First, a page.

Her mind then switched to a different memory, to a memory that had become a nightmare and taken on a life of its own in her dreams.  Reality blurred with fearful dreams.  He was looking at her.  She hated the way he looked at her, it made her feel disgusting, like she wanted to become invisible.  Those eyes watching her, looking at her in that way, with some kind of fire burning in those tiny determined eyes.  His hands on her, her kicking him, pushing him away.  Running.  Running.  Tears, salty tears and running.  That awful sick feeling that was nearly paralysing.  Her legs feeling heavy, like lead.

She was still running.  Years had passed and she was still running.  She came back to the present and realised she was breathing heavily and struggling with the run.  She was dehydrated.  Her head had begun to pound and she felt sick.  Still she knew she couldn’t stop.  Knew she wouldn’t stop.  She also knew the running was futile, but she wasn’t just running away now.  The exercise to her was like pounding on the ground or a tree.  She was pounding her bad thoughts and her fears; she was stamping on them with every step of the run.  With every heave of her lungs, she was forcing herself to be stronger.  In her mind, she was facing memories and feelings that she had put aside for years. She looked at them, acknowledged them in a way she had not done before.  She was looking at herself and all the bad things she had done in her life.  She was looking at a girl who forced herself to care about no one and nothing.  She was looking at a girl who least of all cared about herself.  Who as often as possible drank grog until she got to that dark, black place in her mind where no thought and no emotion actually registered, where she was conscious, but not thinking, not feeling.  She was looking at a girl who was so drunk it was horrible to look at.  At a girl who was a mess.  Who pushed away everyone who cared about her because she had convinced herself she did not care about herself or about them.  She was looking at a girl who revelled in hate and anger, who often fantasized about killing the cowboy, a girl who found men weak and repulsive.  Who did things with when she was wasted that she later felt ashamed about.  She was pounding herself with each step; she was enjoying the pain she was putting her body through and the screaming of her lungs.  She was finally glad to be facing him, to know that the thing she had been dreading and avoiding for so long was eventually going to happen.  She was relieved that it would soon be over and she could rest.  She could no longer breath.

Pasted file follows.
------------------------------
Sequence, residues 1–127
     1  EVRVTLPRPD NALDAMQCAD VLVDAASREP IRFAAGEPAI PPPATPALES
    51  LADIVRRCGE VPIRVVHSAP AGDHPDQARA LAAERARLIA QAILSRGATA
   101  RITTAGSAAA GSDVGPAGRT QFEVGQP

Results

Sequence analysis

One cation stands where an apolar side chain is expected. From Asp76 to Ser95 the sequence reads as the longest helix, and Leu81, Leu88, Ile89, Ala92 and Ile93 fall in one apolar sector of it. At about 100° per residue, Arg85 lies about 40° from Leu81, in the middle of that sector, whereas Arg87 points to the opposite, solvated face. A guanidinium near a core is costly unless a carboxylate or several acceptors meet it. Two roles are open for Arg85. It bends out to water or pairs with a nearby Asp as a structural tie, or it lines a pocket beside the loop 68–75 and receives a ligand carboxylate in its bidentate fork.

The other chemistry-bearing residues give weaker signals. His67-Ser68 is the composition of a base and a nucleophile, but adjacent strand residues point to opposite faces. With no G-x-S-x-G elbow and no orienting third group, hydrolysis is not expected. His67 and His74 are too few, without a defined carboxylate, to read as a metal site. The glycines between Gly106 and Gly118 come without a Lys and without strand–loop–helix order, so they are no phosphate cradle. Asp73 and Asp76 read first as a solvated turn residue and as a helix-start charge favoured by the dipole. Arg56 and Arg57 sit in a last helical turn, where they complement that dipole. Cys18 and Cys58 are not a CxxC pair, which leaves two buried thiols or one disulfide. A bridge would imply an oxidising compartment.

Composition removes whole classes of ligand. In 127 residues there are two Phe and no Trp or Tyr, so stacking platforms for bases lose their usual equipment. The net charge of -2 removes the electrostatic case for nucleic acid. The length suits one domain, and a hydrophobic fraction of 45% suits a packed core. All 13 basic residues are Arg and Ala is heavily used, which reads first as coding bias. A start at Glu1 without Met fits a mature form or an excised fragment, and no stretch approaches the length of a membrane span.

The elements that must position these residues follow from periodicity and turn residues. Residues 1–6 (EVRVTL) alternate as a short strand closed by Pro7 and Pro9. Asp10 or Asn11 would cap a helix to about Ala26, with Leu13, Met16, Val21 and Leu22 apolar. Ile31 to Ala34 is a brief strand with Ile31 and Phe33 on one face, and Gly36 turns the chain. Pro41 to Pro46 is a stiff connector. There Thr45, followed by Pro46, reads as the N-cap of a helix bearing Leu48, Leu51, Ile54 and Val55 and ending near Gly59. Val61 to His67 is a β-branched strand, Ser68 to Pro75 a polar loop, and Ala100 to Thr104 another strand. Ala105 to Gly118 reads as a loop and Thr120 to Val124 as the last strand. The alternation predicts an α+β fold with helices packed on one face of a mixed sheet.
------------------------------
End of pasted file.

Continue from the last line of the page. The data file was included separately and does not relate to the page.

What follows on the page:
She didn’t want to go on.  She recognised where she had run to, and began to remember some of the landmarks.  The cattle grids, the way the land still lay despite there being even less trees and bushes than there were before because of the fires.  It was now dusk.  The sun began to go down and the temperature dropped which Tori was relieved about.  It got that misty way just before the sun set and the sky started to go orange.  It was going to be one of those big burning sunsets.  One that Jo would of loved, would of exclaimed “wow” at.  Tori had to admit that it was beautiful, and thought it was actually quite fitting and also sad that it should be quite so dramatic.  She felt part of the sunset; the burning, damaging red of the sun was inside her, on fire within her.  It was also losing its energy, slowing down, sinking, melting into the ground and below the earth.